On that account, the first MAP tau-based hCFP was engineered, bearing specificity towards the human epidermal growth factor receptor (EGFR) while using a constitutively activated MAP tau as a potent cytostatic agent . This involved the design of an expression construct consisting of an anti-EGFR(scFv) genetically fused to MAP tau isoform 3, lacking its vital phosphorylation sites. Interestingly, the choice for isoform 3 is founded on its peculiar nature; it is the lowest molecular weight protein that retains all four highly conserved microtubule binding repeats . Anti-EGFR(scFv)-MAP exhibits specific cytotoxic effect towards cells that are positive for its targeted ligand (Table 1) and no cytotoxicity towards EGFR-negative HEK293 cells. However, the efficacy of this novel effector protein is highly dependent on cell proliferation [73, 80, 81]. This is particularly important since many tumor markers can also be present on physiologically normal cells. Therefore, because rapidly dividing cancer cells represent the target of choice for MAP-tau based hCFPs, any off-target toxicities can be reduced. As a proof-of-concept, apoptosis and tubulin polymerization assays also provided first data to confirm that the cancer-killing mechanism is induced by the constant stoichiometric stabilization of microtubules, resulting in cell cycle arrest and apoptosis. Furthermore, in vivo models demonstrated tolerance of anti-EGFR(scFv)-MAP at high doses as compared to the Pseudomonas exotoxin A (ETA)-based control .
Table 1: Cytotoxic activity of human cytolytic proteins with potent human lead enzymes targeting various diseases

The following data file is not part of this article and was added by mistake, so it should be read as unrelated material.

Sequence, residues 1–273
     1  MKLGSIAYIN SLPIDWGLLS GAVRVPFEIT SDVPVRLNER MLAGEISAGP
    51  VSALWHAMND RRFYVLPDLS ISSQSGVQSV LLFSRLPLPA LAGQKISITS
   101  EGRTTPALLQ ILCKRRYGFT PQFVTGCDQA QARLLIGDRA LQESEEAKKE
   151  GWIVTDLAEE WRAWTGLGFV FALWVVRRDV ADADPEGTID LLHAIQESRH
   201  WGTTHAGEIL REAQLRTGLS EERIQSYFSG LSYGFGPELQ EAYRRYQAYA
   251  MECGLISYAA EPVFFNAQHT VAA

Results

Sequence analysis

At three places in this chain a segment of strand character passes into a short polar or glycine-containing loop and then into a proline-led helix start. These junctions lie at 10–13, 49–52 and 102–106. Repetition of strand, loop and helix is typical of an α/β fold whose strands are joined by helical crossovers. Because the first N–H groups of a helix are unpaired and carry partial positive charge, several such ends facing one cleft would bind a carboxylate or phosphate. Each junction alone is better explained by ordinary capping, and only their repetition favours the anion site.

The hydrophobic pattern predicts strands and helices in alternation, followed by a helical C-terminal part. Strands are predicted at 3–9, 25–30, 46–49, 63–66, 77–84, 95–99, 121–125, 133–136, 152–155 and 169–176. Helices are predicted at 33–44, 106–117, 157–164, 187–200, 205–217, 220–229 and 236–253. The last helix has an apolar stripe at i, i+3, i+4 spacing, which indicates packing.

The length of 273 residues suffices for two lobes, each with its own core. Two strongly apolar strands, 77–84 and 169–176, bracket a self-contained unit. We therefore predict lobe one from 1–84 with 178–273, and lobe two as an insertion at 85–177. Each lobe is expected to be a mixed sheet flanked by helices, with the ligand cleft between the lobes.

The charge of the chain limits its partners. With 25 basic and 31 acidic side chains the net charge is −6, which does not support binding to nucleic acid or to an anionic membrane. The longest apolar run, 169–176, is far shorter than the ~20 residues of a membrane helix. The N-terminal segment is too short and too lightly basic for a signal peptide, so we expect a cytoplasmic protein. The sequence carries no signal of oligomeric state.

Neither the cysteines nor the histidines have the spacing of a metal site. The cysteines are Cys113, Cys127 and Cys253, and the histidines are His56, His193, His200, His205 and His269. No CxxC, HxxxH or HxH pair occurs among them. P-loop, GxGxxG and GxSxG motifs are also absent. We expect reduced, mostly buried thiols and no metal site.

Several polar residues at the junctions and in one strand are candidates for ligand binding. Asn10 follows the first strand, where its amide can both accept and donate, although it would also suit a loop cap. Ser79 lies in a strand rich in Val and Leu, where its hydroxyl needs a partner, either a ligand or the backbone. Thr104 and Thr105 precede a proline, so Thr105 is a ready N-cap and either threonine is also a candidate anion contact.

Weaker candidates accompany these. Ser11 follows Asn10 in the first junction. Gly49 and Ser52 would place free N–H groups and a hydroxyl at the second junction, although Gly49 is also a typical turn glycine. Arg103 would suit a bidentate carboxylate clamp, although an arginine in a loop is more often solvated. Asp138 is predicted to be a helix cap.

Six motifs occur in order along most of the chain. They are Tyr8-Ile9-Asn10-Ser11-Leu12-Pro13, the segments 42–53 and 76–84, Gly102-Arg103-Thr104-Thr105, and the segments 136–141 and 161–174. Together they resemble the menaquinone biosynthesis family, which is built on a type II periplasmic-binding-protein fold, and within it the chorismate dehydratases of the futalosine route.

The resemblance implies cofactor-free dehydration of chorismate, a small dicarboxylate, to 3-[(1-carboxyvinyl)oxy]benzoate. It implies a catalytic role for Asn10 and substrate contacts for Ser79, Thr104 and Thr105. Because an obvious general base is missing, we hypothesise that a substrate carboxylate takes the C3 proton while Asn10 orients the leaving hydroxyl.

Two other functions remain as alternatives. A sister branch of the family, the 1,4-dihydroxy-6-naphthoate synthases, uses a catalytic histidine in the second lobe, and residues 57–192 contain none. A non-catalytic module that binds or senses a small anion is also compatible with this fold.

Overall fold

Human lead enzyme
Cell lines tested
IC50 Values (nM)
HL and sALCL
M1 macrophage-mediated diseases
CD22+ tumor cells
10 ± 2.7
GrB(wt)-H22 (scFv) and GrBR201K-H22(scFv)
Cells from AMML and CMML patients
GrB(wt)-ki4(scFv) and GrBR201K-Ki4(scFv)
Death-associated protein kinase
Primary CLL samples
AML: acute myeloid leukemia; AMML: acute myelomonocytic leukemia; HL: Classical Hodgkin’s lymphoma; CLL: chronic lymphocytic leukaemia cells; CML: chronic myelomonocytic leukemia; CMML: Chronic myelomonocytic leukemia; CSPG4: Chondroitin sulfate proteoglycan 4; EpCAM: Epithelial cell adhesion molecule; EGFR: Epidermal growth factor receptor; HL: Hodgkin lymphoma; sALCL: systemic anaplastic large cell lymphoma; SCC: squamous cell carcinoma; scFv: single chain fragment variable; TNBC: triple- negative breast cancer.
The use of protein-based effector molecules, such as MAP tau, represents an important turning point in the context of antibody-drug conjugates (ADCs). Through genetic engineering, MAP tau-based hCFPs avoid the need for complex chemistry processes that were previously used to couple cytostatic drugs to their targeting moieties. Compared to their synthetic predecessor, MAP tau-based cytostatic fusion proteins are considered safer since they are produced as an integral whole in a one-step fermentation process using a prokaryotic expression system that represents exciting opportunities for large-scale production [80–82]. Furthermore, several pre-clinical studies promise the application of MAP tau beyond solid tumors; H22(scFv)-MAP tau, which selectively targets CD64+ cells, shows potential for the treatment of atopic dermatitis, rheumatoid arthritis, inflammatory bowel disease and leukemia [83, 84]. More recently, a MAP tau-based fusion protein was created for the elimination of CSPG4-positive triple-negative breast cancers (TNBCs) for which targeted therapeutic treatments are currently lacking . Given the potential clinical value of this fusion protein and the identification of prospective tumor markers, the heterogeneity of such diseases can be approached more effectively via specific patient-tailored therapies.